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Written by Mason Tabor
If one believes Homer, Sisyphus was the wisest and most prudent of mortals. According to another tradition, however, he was disposed to practice the profession of highwayman. I see no contradiction in this.
Camus argues that having knowledge and practicing robbery are not mutually exclusive. This indicates that he believes knowledge acquisition is primarily a question of theft. He warrants this by his latter sentence, "To begin with, he is accused of a certain levity in regard to the gods. He stole their secrets." To understand Sisyphus correctly, one should understand the traditional story offered by the Greek writers. However, it is clear that Sisyphus as Camus understands him is a character marred by his inquisitive nature, by his thirst for a better, more informed understanding of nature. This is essential to understanding Camus' argument about futility and knowledge.
You have already grasped that Sisyphus is the absurd hero. He is, as much through his passions as through his torture.
Driven by his desires for knowledge and also for the pleasures of living, Sisyphus is compelled to survive, though he is bound to an existence rid of progress, of hope and of validation. This is absurdity as Camus argues it, that man's life is governed not by his progress and achievements, but rather by the promise of death offered by his own mortality. Camus argues through Sisyphus' example how we ought to carry on in spite of our own futility. The understanding of ourselves as futile, futureless and meaningless is what Camus describes as awareness. Carrying on in spite of this awareness is heroic.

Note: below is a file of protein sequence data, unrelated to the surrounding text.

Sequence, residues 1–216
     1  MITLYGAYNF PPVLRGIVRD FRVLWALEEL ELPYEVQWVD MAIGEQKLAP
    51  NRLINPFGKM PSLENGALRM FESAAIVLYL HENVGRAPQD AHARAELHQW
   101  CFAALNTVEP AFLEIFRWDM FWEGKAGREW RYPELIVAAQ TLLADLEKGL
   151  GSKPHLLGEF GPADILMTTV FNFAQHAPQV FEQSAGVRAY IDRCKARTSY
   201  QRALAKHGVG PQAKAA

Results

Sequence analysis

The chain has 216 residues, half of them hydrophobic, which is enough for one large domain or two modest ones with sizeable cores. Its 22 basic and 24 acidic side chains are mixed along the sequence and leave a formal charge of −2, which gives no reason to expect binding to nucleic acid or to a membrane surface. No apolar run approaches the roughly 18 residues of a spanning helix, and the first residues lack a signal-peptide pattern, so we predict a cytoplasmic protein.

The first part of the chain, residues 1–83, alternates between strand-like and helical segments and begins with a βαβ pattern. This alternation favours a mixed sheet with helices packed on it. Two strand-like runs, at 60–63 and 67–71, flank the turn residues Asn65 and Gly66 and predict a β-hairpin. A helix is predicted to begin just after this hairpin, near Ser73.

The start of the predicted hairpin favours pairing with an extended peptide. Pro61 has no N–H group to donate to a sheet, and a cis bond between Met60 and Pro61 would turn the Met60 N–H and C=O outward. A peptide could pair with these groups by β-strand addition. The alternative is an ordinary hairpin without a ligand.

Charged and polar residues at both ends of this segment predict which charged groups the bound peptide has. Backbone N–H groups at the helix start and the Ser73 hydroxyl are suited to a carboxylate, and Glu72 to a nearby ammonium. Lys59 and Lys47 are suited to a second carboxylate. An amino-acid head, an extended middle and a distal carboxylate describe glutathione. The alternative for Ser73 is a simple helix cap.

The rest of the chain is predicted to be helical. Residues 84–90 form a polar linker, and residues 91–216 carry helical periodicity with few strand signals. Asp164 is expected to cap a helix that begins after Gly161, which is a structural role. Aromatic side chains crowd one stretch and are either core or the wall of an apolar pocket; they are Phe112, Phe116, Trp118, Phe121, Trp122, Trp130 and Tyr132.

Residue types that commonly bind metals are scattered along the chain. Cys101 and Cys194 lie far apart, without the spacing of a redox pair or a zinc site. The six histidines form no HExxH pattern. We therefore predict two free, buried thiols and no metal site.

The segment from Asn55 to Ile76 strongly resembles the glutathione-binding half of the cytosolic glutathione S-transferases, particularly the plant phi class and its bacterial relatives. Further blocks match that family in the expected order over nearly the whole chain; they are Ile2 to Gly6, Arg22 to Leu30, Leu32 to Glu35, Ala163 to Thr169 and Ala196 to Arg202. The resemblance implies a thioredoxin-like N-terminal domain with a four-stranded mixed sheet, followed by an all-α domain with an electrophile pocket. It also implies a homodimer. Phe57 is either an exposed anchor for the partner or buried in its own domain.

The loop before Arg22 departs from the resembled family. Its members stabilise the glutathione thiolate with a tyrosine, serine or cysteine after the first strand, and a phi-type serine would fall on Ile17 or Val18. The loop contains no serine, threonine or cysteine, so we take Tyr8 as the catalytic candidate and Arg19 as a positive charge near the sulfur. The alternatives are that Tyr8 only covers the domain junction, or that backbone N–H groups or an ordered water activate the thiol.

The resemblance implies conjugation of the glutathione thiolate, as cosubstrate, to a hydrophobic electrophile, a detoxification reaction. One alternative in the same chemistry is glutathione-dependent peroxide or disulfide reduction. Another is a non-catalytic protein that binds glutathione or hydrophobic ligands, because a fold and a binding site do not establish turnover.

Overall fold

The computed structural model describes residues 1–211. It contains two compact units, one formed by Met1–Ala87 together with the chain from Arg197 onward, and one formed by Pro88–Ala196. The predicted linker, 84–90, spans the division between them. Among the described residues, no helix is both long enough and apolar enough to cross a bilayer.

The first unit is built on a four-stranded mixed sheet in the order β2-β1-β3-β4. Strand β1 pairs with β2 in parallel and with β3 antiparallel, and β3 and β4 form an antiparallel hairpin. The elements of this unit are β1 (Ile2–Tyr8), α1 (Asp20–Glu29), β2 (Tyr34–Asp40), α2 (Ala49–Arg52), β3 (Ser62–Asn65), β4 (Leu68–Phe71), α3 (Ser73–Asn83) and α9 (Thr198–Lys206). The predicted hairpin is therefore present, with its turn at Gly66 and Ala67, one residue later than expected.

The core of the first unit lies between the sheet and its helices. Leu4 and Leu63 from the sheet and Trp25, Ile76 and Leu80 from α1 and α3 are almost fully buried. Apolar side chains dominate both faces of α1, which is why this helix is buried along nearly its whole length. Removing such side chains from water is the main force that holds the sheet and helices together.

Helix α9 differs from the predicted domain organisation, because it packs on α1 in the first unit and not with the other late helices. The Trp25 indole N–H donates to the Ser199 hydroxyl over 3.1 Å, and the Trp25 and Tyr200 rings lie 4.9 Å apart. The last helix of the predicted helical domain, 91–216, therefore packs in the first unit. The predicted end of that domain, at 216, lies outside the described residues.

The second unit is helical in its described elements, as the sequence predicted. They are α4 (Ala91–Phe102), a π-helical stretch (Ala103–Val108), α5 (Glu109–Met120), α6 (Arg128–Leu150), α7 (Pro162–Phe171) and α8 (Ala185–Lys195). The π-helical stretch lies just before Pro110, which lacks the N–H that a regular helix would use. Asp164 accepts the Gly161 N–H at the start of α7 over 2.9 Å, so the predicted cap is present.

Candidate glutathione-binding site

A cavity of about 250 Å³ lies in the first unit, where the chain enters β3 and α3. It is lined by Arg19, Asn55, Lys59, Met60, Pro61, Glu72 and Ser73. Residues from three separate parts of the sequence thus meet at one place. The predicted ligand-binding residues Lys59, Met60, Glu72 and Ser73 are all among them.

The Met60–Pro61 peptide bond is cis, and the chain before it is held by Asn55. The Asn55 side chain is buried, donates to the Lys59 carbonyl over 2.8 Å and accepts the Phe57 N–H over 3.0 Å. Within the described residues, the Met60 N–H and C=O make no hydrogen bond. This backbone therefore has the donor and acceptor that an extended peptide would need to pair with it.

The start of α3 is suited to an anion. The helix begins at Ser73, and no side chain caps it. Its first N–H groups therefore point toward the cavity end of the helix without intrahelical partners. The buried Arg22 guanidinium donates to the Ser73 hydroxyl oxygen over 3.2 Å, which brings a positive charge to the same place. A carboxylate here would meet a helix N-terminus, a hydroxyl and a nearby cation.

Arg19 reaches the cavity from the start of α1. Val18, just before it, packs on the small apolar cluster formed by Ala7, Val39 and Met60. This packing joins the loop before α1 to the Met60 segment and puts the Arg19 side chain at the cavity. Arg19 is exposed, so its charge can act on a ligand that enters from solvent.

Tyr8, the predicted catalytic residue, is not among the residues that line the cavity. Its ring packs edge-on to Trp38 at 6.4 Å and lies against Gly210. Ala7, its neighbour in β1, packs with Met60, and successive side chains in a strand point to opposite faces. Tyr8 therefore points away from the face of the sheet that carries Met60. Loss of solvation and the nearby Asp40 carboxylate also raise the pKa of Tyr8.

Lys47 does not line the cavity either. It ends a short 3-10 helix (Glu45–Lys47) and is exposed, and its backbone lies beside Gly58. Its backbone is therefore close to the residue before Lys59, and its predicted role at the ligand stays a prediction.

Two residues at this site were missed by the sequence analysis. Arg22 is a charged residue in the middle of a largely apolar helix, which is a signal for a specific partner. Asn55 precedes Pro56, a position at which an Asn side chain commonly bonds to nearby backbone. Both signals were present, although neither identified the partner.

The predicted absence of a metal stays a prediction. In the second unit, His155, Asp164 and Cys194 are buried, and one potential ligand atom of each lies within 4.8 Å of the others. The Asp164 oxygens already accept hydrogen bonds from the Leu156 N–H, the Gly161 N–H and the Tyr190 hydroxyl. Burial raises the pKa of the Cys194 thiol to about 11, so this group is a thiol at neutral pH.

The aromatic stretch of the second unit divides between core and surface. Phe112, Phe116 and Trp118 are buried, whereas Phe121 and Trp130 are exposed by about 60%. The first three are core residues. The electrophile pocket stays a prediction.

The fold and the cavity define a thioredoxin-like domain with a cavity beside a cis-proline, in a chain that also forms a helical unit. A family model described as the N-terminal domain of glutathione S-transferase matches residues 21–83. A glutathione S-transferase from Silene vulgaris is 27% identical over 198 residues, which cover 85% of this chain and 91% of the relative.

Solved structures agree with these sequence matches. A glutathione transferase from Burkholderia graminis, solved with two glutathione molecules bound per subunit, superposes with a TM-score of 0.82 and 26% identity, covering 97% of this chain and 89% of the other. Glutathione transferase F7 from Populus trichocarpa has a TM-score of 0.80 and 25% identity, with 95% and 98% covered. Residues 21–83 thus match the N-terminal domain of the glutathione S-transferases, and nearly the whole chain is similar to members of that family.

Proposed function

All Sisyphus' silent joy is contained therein. His fate belongs to him. His rock is a thing Likewise, the absurd man, when he contemplates his torment, silences all the idols.
Sisyphus' burden of rolling a stone up to the top of a mountain, just to be forced to watch it roll back down to the bottom, resetting his progress to naught, is noble to Camus. The gods have instituted this punishment to torment Sisyphus with futility, yet, Sisyphus persists in the task and finds joy in the fruitless toil. The curse of man is his futility, and according to Camus, he who can find peace in the task at hand thwarts the capricious punishment of the gods.
There is no sun without the shadow, and it is essential to know the night. The absurd man says yes and his efforts will henceforth be unceasing.
Day and night is a complementary symbol to the symbol of the rocks rising and falling, connoting a cyclical nature to life, not a linear one. It also indicates Sisyphus' contentment with the discomforts of life. He does not seek the daylight. He instead chooses to be at peace in the night's dark, knowing it as he persisted to know the secrets of the gods. This ensures his "unceasing" status as a hero, regardless of his lack of meaning or achievement.
I leave Sisyphus at the foot of the mountain! One always finds one's burden again.... One must imagine Sisyphus happy.
Though the natural understandings in the traditional narrative of human worth would argue that meaning and progress are inherent to a meaningful life, Camus asserts that it is in fact the very opposite that leads to happiness. If one can find peace in his meaninglessness, like Sisyphus, and continue to live life despite the knowledge that it isn't worth it and in the end it's all meaningless, then one can transcend the consequences of that knowledge. He can transcend the negativity that comes with the truth of his existence and find joy and peace despite his own futility and absurdity. Therein is herocisim and life.
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